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Copyright (c) 2006-2014 MindTouch Inc.
This file and accompanying files are licensed under the MindTouch Master Subscription Agreement (MSA).
At any time, you shall not, directly or indirectly: (i) sublicense, resell, rent, lease, distribute, market, commercialize or otherwise transfer rights or usage to: (a) the Software, (b) any modified version or derivative work of the Software created by you or for you, or (c) MindTouch Open Source (which includes all non-supported versions of MindTouch-developed software), for any purpose including timesharing or service bureau purposes; (ii) remove or alter any copyright, trademark or proprietary notice in the Software; (iii) transfer, use or export the Software in violation of any applicable laws or regulations of any government or governmental agency; (iv) use or run on any of your hardware, or have deployed for use, any production version of MindTouch Open Source; (v) use any of the Support Services, Error corrections, Updates or Upgrades, for the MindTouch Open Source software or for any Server for which Support Services are not then purchased as provided hereunder; or (vi) reverse engineer, decompile or modify any encrypted or encoded portion of the Software.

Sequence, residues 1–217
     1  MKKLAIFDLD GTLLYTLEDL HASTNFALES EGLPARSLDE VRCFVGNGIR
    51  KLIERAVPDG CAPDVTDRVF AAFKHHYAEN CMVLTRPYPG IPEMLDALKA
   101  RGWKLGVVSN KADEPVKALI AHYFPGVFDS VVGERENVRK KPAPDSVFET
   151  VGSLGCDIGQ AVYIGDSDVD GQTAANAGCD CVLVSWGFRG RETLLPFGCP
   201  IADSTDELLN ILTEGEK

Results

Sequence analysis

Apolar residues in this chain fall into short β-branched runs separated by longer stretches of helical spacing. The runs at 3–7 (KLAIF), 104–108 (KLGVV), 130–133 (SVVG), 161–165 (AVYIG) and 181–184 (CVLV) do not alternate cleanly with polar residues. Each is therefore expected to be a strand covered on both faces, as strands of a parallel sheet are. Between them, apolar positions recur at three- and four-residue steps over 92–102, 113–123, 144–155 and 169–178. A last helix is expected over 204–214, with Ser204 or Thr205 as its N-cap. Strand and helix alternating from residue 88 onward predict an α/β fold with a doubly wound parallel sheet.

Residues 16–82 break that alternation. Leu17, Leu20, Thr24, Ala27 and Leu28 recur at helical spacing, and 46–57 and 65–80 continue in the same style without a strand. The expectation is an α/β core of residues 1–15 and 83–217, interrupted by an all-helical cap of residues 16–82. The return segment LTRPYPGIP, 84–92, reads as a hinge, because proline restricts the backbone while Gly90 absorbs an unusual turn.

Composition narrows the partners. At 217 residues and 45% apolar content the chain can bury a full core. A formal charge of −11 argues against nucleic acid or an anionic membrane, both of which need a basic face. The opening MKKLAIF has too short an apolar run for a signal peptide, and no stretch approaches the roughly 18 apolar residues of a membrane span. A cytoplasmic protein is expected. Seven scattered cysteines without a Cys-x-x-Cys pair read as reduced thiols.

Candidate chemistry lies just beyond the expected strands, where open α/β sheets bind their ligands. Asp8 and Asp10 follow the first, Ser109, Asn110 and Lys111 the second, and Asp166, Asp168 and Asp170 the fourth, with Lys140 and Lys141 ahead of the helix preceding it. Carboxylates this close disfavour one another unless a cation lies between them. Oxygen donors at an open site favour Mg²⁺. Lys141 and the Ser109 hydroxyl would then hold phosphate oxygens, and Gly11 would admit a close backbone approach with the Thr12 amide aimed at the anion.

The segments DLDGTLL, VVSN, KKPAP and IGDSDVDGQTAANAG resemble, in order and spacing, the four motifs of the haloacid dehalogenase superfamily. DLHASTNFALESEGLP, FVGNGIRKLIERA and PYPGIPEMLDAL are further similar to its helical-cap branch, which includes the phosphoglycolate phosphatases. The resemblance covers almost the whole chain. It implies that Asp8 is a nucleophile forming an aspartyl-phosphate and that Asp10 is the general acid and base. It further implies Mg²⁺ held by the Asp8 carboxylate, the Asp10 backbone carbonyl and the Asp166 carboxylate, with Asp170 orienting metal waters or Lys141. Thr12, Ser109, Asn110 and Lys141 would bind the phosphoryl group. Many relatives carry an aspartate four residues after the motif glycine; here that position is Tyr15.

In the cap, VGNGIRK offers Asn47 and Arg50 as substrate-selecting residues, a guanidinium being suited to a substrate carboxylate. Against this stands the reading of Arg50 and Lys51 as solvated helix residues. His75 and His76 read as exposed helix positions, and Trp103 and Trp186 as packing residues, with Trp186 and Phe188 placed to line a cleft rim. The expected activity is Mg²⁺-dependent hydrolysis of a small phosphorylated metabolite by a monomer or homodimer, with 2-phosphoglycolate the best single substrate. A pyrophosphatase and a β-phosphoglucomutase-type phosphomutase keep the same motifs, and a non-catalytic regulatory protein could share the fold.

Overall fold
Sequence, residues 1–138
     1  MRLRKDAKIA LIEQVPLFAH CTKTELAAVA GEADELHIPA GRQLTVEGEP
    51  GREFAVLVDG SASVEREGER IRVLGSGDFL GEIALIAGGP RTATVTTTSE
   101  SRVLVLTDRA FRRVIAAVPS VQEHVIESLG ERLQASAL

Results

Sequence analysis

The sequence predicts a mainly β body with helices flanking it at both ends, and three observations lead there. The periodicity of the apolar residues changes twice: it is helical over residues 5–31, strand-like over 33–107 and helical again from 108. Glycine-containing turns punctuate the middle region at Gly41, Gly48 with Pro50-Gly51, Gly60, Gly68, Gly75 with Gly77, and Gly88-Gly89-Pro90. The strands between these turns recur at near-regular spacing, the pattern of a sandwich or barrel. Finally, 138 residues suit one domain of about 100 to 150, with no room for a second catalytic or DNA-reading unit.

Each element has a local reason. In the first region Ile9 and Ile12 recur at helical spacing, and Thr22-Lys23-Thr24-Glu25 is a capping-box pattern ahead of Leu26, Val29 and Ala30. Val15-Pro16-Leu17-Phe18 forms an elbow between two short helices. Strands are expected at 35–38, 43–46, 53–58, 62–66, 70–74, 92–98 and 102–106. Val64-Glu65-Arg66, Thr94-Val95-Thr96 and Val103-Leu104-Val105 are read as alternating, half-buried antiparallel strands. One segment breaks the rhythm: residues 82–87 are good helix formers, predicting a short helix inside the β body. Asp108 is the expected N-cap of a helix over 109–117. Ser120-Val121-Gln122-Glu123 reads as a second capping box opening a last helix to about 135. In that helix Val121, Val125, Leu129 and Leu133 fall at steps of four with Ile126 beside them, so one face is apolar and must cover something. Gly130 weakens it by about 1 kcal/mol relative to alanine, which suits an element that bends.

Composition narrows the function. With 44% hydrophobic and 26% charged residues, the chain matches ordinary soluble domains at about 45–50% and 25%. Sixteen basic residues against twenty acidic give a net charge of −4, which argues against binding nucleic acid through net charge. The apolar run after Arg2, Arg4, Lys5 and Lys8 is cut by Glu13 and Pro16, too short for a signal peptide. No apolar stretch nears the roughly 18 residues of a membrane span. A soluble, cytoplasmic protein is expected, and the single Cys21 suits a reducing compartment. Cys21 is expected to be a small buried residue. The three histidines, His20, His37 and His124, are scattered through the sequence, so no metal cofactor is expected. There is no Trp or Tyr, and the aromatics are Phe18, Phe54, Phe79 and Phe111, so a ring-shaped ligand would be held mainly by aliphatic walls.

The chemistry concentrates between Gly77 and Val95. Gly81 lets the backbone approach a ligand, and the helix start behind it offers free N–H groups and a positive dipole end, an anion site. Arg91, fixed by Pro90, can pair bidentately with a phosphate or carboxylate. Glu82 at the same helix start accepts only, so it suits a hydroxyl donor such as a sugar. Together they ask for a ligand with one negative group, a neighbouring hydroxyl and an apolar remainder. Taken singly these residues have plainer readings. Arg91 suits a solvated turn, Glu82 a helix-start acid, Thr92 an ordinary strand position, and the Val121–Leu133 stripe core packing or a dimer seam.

A complete copy of the MSA is available at http://www.mindtouch.com/msa
Adjust the plunger so that the syringe contains 30.0 cm3 of air. Determine the pressure of this gas.
Push the plunger in and then let it out to take volume vs. pressure measurements.
The greater the volume, the lesser the pressure, and vise versa. If a volume vs. pressure graph is made, a linear relationship can be shown.
There is a fixed number of molecules of air inside of the syringe. When the plunger is pushed in, these molecules begin to push (or collide) against each other and the sides of the syringe more and more because of the lack of space. This decrease in volume (less space) increases the pressure (more collisions). The opposite phenomenon occurs when the plunger is pulled out. Both occurrences are a demonstration of Boyle's Law.
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